Meditation, at its most basic, is resting the mind. Most of us garden-variety meditators can’t empty the mind completely, but we can, at least for a few minutes, give it a respite.
Everybody has problems. The mind is usually engaged in solving those problems, and the problem-solving process often entails stress, anxiety, regret, maybe some guilt, maybe even depression and hopelessness if we lack the resources we believe will solve the problems: health, energy, money, ideas, courage, influence, whatever.
Stress, anxiety, regret, guilt, and depression weigh on us. They sap our energy and cloud our thinking, becoming fuel for more stress, anxiety, regret, and so forth. They are colloquially and aptly called “baggage.”
Meditation sets the baggage aside
In 1976, my daughter, Marian, and I were rushing through Washington’s Union Station, hurrying to catch the Broadway Limited, which was departing early. We were loaded down with suitcases and Christmas presents for our visit to our family in Omaha.
Marian was eight years old and was carrying everything she could manage, but I had the heavy stuff, both arms straining until I had to stop and give my muscles a break. After thirty seconds or so, I could pick the bags and packages up again and forge ahead, and then my arms would insist on being rested again. My arms were very vocal about it, and they refused to accommodate me until I let them have their little reprieve.
Our psyches don’t complain as clearly as our muscles. Headaches, backaches, stomach aches we can ignore or medicate. But if we keep going on overload, mentally or emotionally, something’s gotta give.
Meditation, like restful sleep, is a way of setting the baggage aside and giving our psyches a break. During the time we’re meditating, there’s no past to regret; there’s no future to worry about; there’s only now, and right now, everything is all right.
There’s no such thing as meditating badly
The only “bad meditation” is one that carries unrealistic expectations, so don’t go out and buy a “meditation kit,” CD, or book that promises wealth, romance, or power. Meditation is good for you—for body, mind, and spirit; for relationships and work and problem-solving and achieving your goals. But your life won’t change overnight, and anyway, expectations are about the future, and meditation is about this moment.
If you’re new to meditation, you may find it difficult at first to interrupt your churning thoughts, but there are some excellent and simple techniques to deal with them. For now, I’ll just give you three axioms to hold on to:
1. The intention to meditate is a giant step in the right direction.
2. Thirty seconds of meditation is better than no meditation at all.
3. It’s not how often your mind wanders that’s important, it’s how many times you return to the meditation, gently and without beating yourself up. It is, as Jack Kornfield says, like training a puppy. You don’t yell or scold; you just keep at it, patiently and compassionately.
When I worked at the University of Arizona, our department invited one of the trainers from the wellness center to give a presentation on “becoming fit.” The presentation was excellent and inspiring. It was especially motivational for me because the presenter emphasized “starting where you are.” If you want to walk or run on a treadmill, she said, and you can only manage two minutes, do the two minutes.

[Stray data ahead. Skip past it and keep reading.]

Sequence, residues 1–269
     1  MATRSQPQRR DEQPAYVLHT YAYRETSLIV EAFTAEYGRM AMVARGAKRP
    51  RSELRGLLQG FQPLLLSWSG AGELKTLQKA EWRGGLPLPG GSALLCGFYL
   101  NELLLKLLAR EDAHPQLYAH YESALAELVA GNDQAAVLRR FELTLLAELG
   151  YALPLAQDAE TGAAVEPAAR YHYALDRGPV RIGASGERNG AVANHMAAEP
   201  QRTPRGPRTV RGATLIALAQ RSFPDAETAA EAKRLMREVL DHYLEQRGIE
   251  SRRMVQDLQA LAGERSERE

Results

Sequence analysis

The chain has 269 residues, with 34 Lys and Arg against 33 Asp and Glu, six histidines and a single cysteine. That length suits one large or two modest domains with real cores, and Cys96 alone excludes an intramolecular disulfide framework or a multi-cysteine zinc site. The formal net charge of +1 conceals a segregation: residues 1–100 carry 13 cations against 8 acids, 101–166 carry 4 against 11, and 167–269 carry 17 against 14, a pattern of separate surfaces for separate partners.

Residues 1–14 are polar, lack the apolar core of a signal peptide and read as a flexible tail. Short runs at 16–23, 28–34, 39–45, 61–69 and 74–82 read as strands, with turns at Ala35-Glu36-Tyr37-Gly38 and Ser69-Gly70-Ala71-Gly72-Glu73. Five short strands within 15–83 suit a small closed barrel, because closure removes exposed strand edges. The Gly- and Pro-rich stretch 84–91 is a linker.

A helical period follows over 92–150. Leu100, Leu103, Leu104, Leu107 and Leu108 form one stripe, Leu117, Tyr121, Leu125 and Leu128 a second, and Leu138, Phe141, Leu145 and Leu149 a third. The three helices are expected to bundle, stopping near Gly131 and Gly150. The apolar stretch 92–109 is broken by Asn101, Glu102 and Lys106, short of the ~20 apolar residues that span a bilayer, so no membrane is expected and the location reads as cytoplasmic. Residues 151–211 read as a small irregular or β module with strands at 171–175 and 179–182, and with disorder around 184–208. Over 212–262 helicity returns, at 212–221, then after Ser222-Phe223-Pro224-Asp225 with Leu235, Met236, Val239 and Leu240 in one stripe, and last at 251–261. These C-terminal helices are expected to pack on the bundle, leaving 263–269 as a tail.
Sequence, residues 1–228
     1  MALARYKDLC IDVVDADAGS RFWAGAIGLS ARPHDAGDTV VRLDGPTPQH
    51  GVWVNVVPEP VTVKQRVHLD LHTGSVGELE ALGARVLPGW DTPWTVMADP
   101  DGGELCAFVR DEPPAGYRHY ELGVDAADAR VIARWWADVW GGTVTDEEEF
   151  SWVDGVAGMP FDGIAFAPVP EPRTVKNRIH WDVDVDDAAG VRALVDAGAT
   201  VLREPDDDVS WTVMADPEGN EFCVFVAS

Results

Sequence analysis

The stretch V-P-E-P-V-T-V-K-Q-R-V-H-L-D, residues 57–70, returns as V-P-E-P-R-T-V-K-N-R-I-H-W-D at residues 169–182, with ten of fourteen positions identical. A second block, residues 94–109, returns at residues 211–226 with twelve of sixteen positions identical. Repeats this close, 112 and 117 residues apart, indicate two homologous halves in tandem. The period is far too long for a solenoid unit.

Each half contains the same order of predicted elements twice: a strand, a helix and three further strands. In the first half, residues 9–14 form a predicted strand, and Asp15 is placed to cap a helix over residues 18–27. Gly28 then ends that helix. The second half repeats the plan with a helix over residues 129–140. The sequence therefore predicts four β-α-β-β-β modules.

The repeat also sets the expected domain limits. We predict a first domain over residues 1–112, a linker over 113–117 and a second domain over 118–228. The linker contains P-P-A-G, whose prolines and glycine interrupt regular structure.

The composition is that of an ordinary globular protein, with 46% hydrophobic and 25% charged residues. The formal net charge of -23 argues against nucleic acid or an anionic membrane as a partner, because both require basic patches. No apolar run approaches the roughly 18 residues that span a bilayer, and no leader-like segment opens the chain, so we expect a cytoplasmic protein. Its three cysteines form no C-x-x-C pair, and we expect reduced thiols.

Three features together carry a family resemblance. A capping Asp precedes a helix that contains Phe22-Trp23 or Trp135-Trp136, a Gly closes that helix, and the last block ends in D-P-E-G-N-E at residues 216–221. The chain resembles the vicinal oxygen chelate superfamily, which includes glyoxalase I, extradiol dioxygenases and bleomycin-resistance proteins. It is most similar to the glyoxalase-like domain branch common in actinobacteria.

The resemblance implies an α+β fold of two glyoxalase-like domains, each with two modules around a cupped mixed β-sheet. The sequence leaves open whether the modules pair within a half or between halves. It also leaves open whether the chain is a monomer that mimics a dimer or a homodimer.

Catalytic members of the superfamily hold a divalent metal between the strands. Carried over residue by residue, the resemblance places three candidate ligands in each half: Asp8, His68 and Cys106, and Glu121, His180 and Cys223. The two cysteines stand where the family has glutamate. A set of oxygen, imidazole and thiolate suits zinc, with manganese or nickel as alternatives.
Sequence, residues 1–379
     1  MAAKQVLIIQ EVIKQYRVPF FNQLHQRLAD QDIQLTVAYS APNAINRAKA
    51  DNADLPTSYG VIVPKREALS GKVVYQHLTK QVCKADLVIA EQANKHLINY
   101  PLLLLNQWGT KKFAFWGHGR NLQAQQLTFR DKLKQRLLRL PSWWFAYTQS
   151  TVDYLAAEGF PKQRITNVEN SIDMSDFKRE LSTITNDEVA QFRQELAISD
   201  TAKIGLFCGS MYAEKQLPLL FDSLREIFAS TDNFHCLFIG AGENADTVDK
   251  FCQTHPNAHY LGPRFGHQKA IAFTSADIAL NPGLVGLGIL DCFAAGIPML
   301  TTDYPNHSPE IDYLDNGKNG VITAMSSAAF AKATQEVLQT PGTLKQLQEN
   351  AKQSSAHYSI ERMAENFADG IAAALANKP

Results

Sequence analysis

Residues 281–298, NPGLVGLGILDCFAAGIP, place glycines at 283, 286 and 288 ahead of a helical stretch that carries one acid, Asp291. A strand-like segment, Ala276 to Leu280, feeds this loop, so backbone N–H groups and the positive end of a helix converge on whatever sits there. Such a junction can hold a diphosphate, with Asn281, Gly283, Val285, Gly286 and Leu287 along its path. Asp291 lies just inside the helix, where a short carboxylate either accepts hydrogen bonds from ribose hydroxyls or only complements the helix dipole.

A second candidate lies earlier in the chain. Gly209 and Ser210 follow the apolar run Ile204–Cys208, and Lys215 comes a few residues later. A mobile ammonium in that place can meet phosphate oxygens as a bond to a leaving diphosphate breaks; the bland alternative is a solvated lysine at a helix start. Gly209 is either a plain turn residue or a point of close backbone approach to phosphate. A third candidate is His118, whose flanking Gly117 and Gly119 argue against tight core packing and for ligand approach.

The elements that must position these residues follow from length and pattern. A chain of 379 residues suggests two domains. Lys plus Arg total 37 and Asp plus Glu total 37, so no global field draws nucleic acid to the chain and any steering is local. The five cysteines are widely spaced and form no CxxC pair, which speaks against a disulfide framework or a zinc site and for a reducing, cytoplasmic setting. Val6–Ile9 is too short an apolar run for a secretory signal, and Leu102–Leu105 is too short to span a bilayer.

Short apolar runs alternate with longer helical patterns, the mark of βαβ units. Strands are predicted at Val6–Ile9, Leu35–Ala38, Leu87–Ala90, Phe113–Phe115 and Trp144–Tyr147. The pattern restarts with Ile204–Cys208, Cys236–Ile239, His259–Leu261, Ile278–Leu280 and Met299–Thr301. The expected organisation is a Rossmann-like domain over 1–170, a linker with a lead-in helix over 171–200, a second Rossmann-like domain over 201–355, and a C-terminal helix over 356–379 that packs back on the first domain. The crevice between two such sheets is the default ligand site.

So just start. Begin with thirty seconds. Try to add a little time each day. Be patient. Don’t scold yourself if you miss a day, or a week. One of the purposes of meditation is to learn compassion for yourself and, by extension, for others.
The benefits of meditation
The potential benefits are almost too numerous to mention, and to some extent they depend on what form of meditation you adopt. But – again, we’re talking about very basic meditation here – a regular meditation practice can significantly reduce the negative effects of stress, including heart rate and blood pressure. It can be a vacation from emotional turmoil, and you can learn to make that “vacation” into a way of life, making the attitudes you cultivate during meditation into a habitual way of being.
Meditation cultivates compassion, the ability to love, and acceptance: of yourself, of other people, of your circumstances. That doesn’t mean you shouldn’t ever try to change your circumstances. Acceptance doesn’t mean rolling over. But through meditation you can learn to be at peace wherever you are even when you’d rather be somewhere else.
It might seem paradoxical, but through meditation you can become both (a) your best self, genuine, unique, distinctive, and (b) in harmony with your environment, however you define it: your family, your friends, your colleagues, your home, your neighborhood, trees, buildings, stars, the universe. You can, at the same time, know your limitations and continually test them.
There are “nonreligious” forms of meditation, but I believe that meditation is intrinsically spiritual. It requires a leap of faith to part with your ego, and that is exactly what meditation requires. Whether you’re practicing Christian meditation, Jewish meditation (Kabbalah, perhaps), Sufi meditation, Buddhist meditation, Transcendental Meditation, or the Meditation of Not Being in a Plummeting Aircraft, the movement is always out of Matter into Spirit. For me, in any case, meditation is communion with the Divine.
Find hours of music for meditation and relaxation, nature sounds, meditation instruction, and other meditation resources at Zero Gravity’s website, www.LifeIsPoetry.net